A Tirade About the Temperature Gradient Dynamics of my Living Space
I love my house. I’ve lived here all my life, and Living with the Livingstons has such a great ring to it that it could almost be the name for a Kardashian-esque reality tv show. (I hate myself for writing that. For the record, my only exposure to the Kardashians consists of my scant cardio time at the gym and the moments that I couldn’t avoid sharing eyespace with my college roommate freshman year).
Anyway, my house is great, apart from the fact that it is nearly uninhabitable FOR THE FOLLOWING REASON: it is always cold as a unicorn’s icy beard hairs. Now, I understand, in the delicate and naive, yet vaguely disinterested way that teenagers have regarding issues that won’t affect them for another three decades, that menopause is a rough time in the life of a woman. I understand that my mother is a glorious, life-giving, saintly specimen who means naught but well. Unfortunately, the woman has reached the age when bodies start to change. The awkward reverse-puberty plunged her into a sort of estrogen dark-age that was interrupted by what I can only assume were magnesium-flare-type volcanic eruptions of the soul and flesh that she tamely referred to as “hot flashes.” There was a time when she would drive with the windows down in December (In Maine, mind you) to keep cool as her body was, I again can only assume, baked in the satanic kiln of Hell itself. During this time, she liked to turn the heat down at night and then, slyly, not turn it back up during the day. Or ever. The temperature in our home slowly decreased until the entire family was creeping about like geriatric Iniuts, wrapped in blankets, shawls, curtains, God knows what. There might have even been a pashmina in the mix somewhere. I don’t know exactly what a pashmina is, but doubtless if I’d found one in those days I would’ve burritoed myself right up in there likety split. Our family huddled together like penguins while my mother gamboled about like a modest middle aged sunbather. And we accepted this. Because we, for all our faults, are kind, accepting people who like to make concessions for others.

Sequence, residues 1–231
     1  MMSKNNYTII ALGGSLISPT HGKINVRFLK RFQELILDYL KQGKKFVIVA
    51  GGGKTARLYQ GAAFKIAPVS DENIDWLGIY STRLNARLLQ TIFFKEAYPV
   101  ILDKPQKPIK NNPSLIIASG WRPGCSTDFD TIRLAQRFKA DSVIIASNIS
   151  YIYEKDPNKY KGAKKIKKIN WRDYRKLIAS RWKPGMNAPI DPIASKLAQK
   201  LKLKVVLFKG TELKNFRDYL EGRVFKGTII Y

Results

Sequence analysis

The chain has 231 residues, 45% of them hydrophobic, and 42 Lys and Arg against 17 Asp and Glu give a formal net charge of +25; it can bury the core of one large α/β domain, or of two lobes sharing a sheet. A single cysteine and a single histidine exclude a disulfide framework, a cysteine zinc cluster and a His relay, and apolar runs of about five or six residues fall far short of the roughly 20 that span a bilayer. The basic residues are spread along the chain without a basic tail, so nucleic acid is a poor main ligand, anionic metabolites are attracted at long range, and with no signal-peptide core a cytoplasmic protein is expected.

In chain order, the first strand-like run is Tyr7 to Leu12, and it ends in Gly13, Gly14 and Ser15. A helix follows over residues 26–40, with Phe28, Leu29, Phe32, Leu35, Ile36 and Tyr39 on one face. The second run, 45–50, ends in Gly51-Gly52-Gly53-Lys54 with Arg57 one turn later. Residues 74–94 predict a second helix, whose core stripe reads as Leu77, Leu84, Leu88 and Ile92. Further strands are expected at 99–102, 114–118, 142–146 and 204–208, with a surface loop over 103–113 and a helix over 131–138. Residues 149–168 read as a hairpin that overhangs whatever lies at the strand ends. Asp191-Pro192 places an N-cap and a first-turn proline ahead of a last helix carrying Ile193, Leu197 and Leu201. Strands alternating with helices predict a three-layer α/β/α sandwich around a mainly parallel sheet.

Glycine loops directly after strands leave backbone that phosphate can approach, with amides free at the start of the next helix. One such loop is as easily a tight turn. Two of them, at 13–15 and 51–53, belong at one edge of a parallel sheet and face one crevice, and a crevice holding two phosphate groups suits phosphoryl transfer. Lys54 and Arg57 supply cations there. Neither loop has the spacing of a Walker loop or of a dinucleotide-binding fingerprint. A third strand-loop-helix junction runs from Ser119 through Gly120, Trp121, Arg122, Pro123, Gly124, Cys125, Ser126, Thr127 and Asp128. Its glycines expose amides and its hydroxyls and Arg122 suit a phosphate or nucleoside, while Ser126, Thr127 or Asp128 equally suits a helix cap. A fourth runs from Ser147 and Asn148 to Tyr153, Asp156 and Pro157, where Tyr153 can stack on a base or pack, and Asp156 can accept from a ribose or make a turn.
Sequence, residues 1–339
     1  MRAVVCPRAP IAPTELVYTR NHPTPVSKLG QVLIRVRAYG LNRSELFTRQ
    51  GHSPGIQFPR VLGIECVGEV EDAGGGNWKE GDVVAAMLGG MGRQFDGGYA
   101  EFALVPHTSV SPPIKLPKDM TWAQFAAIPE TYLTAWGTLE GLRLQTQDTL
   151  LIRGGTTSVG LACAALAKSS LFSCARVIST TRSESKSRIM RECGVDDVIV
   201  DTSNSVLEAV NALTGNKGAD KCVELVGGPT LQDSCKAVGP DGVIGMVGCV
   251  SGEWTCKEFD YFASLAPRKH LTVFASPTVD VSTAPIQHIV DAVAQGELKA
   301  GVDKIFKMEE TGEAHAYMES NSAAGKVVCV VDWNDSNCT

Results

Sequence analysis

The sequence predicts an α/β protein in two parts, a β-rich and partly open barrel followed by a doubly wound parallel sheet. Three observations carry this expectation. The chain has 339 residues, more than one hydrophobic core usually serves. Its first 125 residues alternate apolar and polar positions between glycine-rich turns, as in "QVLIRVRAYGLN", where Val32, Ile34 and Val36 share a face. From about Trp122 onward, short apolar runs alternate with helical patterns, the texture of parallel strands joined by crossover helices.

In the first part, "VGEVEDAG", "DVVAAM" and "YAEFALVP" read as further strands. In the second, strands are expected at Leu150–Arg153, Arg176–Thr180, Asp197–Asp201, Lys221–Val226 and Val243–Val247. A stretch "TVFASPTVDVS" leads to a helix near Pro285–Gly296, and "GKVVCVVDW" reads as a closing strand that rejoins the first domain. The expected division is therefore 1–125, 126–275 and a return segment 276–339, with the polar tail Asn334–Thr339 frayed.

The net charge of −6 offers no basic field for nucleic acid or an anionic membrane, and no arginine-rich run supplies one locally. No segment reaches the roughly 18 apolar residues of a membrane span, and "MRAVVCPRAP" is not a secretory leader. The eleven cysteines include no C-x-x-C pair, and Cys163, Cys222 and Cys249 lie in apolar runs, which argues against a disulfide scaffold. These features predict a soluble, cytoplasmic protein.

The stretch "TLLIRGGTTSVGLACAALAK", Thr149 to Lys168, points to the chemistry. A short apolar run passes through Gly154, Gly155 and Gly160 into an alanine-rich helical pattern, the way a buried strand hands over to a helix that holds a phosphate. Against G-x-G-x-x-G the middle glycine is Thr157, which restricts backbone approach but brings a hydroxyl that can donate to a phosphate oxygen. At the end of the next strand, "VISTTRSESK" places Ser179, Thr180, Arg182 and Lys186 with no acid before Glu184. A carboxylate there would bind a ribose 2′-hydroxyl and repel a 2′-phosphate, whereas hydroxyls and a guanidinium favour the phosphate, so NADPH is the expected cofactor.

The thing is, THAT WAS FOUR YEARS AGO. My mother hasn’t had a hot flash in straight up four years, and yet the house remains a relic from north of The Wall. I could be Ygritte the Wildling, wrapped in the furs of some sort of shaggy thing I assume she found already dead and skinned because I find those sorts of things depressing. But I don’t have a Jon Snow to sleep next to for warmth, and in the mornings when I wake up it feels like I’ve been bedded down next to FroZone for the last eight hours. The toilet seat is a nightmare. Getting out of the shower is like leaping to your death into a pool of invisible liquid nitrogen.
If I don’t blog for a while, it’s because I’m thawing. Or because I’ve forgotten I made a blog. Or because Mindy Kaling has come to adopt me. Fingers crossed for option C.